Pak­istan min­istry seeks ban on new party

The Jakarta Post - - WORLD - Asif Shahzad

Pak­istan’s in­te­rior min­istry has called for the elec­toral com­mis­sion to bar from pol­i­tics a new party backed by an Is­lamist with a US$10 mil­lion United States bounty on his head, a gov­ern­ment doc­u­ment seen by Reuters showed on Thurs­day.

In a let­ter dated Sept. 22, the min­istry rec­om­mended that the Elec­tion Com­mis­sion of Pak­istan re­ject the newly formed Milli Mus­lim League’s (MML) ap­pli­ca­tion to be­come an of­fi­cial party as it is “af­fil­i­ated” with Lashkar-eTayyeba (LeT), a mil­i­tant group blamed for the 2008 Mum­bai at­tacks that killed 166 peo­ple.

“The reg­is­tra­tion of MML is not sup­ported,” the min­istry said in the two-page doc­u­ment.

Spokes­men for the elec­tion com­mis­sion and the in­te­rior min­istry ac­knowl­edged the cor­re­spon­dence and con­firmed that the let­ter was au­then­tic.

The United States has des­ig­nated LeT founder Hafiz Saeed, who cur­rently heads the Ja­maatud-Dawa Is­lamic char­ity, a ter­ror­ist. It views him as the master­mind of the 2008 Mum­bai at­tacks and has of­fered a $10 mil­lion re­ward for in­for­ma­tion lead­ing to his im­pris­on­ment.

Saeed is cur­rently un­der house ar­rest. Pak­istan’s re­luc­tance to press charges against him has been a sore point in re­la­tions with Wash­ing­ton and In­dia over the past decade.

The min­istry said MML is “ide­o­log­i­cally of the same hue” as LeT and its af­fil­i­ated char­i­ties Ja­maat-ud-Dawa (JuD) and the Falah-e-In­sanyat Foun­da­tion (FIF).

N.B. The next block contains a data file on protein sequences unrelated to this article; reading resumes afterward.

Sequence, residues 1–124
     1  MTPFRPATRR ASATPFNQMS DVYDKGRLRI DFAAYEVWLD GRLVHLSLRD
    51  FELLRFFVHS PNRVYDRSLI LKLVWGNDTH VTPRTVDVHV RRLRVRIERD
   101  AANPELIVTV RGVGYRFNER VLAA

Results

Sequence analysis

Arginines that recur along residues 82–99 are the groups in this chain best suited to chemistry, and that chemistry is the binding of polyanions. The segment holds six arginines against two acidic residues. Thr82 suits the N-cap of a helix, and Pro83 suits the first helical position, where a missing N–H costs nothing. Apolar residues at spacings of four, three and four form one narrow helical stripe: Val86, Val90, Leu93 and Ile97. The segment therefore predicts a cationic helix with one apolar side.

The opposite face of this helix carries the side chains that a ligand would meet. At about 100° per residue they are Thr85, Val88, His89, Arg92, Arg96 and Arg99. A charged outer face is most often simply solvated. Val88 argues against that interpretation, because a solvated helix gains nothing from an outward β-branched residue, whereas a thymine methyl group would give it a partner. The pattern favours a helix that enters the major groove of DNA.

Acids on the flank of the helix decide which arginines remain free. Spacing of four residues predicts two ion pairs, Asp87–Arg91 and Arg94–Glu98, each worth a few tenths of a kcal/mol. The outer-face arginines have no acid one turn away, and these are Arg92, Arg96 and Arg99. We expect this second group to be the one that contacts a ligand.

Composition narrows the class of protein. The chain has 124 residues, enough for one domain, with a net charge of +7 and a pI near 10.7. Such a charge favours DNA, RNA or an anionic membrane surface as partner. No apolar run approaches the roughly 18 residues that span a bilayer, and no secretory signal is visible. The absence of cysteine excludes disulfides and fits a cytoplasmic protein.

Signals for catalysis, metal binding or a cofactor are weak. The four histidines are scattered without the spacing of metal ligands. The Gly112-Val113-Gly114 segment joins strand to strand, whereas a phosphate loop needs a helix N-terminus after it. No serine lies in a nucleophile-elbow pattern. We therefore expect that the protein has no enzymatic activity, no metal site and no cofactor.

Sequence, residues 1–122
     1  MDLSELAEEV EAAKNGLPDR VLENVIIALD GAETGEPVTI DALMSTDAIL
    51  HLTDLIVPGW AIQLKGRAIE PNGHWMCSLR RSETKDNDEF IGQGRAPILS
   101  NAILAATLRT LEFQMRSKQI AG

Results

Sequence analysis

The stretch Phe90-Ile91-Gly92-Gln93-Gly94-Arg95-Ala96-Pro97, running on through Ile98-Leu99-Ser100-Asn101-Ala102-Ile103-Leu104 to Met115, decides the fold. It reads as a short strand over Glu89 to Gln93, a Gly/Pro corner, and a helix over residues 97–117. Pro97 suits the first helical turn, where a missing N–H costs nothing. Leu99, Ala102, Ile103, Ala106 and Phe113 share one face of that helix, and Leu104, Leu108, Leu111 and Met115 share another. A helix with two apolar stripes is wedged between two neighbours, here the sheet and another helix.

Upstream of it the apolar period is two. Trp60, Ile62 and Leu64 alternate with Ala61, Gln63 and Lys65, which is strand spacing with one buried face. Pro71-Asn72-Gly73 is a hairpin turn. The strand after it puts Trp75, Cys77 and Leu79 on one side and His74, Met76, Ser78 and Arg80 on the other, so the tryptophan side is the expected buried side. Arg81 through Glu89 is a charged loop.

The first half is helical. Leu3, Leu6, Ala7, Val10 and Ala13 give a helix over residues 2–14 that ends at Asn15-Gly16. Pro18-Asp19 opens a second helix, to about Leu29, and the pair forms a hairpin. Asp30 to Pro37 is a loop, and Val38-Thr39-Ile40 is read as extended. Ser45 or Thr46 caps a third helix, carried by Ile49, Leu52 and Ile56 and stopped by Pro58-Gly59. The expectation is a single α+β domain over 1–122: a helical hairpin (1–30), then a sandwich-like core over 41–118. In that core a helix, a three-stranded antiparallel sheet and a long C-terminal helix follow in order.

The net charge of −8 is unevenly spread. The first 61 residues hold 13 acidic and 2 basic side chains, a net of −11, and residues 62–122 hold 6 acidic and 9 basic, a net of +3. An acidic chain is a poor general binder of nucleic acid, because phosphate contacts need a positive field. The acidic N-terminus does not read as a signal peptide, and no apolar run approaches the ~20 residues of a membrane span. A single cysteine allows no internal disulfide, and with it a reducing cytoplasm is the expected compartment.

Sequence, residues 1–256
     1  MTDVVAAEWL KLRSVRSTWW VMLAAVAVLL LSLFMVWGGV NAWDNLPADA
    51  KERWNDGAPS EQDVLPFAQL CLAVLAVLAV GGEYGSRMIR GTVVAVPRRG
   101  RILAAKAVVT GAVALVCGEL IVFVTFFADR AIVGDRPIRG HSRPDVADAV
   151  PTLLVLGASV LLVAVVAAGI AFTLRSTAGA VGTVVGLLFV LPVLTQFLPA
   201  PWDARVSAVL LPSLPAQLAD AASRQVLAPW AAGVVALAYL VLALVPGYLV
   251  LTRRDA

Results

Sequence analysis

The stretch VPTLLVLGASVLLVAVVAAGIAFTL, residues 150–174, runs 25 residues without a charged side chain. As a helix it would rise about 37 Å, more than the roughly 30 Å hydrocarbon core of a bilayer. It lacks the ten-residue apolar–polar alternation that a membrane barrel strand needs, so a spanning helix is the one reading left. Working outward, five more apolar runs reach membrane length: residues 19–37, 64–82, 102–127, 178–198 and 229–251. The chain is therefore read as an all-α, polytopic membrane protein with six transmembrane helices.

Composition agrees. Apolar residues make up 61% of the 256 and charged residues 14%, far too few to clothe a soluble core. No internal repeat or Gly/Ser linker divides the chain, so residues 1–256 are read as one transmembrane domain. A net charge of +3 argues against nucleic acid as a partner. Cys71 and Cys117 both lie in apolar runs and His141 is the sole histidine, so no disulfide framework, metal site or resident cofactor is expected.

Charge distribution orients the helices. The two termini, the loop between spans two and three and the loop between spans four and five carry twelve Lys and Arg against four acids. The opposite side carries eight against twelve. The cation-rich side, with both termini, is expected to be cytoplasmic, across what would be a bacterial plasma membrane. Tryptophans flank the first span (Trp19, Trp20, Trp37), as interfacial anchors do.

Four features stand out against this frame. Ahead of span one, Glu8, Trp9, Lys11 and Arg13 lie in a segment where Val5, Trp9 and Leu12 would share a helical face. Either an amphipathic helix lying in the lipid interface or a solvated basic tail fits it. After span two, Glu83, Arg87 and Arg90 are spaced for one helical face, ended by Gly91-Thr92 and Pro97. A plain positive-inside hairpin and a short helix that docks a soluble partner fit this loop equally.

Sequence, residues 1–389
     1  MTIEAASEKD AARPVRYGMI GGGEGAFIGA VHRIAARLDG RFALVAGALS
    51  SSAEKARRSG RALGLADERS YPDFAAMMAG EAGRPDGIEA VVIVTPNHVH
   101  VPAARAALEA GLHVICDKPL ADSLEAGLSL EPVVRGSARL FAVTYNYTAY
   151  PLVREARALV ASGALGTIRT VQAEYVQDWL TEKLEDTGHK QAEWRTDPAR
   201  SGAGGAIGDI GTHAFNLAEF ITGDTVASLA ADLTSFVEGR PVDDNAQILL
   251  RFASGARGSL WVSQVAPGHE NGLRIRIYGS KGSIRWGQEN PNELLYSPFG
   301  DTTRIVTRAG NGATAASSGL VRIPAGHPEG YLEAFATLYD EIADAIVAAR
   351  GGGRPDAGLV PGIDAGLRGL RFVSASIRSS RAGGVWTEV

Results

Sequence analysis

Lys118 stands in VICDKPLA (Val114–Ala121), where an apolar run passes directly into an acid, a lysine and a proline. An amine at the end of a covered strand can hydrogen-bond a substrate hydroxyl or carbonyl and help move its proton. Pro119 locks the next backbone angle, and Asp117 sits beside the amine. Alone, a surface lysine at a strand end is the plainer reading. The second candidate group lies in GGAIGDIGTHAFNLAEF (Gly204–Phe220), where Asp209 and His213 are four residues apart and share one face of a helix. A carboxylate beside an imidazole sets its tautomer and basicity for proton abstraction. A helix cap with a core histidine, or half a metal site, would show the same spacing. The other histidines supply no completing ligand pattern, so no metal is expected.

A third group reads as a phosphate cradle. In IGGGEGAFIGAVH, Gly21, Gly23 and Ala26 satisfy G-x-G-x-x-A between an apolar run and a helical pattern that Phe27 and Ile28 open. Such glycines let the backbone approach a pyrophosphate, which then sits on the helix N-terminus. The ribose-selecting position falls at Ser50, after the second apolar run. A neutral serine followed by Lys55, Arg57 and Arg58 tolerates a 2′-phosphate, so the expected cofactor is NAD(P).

Tabish Qayyum, a spokesman for the MML, said in a state­ment that the min­istry’s let­ter was un­law­ful.

“MML isn’t a bus or truck which needs reg­is­tra­tion,” he said, deny­ing that MML had links with any banned mil­i­tant group.

The min­istry’s stance ap­pears at odds with what po­lit­i­cal sources and a re­tired army gen­eral have said is a plan pro­posed by the mil­i­tary’s In­ter Ser­vices In­tel­li­gence (ISI) to ‘main­stream’ some Pak­istan-based anti-In­dian mil­i­tant groups as part of de­rad­i­cal­iza­tion ef­forts by bring­ing them into pol­i­tics.

The in­te­rior min­istry’s let­ter was writ­ten a week af­ter MML caused a stir by win­ning 5 per­cent of votes in a par­lia­men­tary by­elec­tion in La­hore on Sept. 17.

The doc­u­ment said for­eign coun­tries have raised diplo­matic ob­jec­tions to MML’s ex­is­tence and the in­te­rior min­istry has sought the opin­ions of in­tel­li­gence agen­cies on the group.

One of the agen­cies, the min­istry said, has warned against let­ting pro­scribed and mon­i­tored or­ga­ni­za­tions en­ter pol­i­tics with a view to gain­ing le­git­i­macy.

The in­te­rior min­istry said the se­cu­rity agency has in­formed it that “given the clam­our, phi­los­o­phy, out­reach and modus operandi to op­er­ate, it is dif­fi­cult to be­lieve that MML will tread its own path com­pletely at vari­ance with its mother or­ga­ni­za­tion.”

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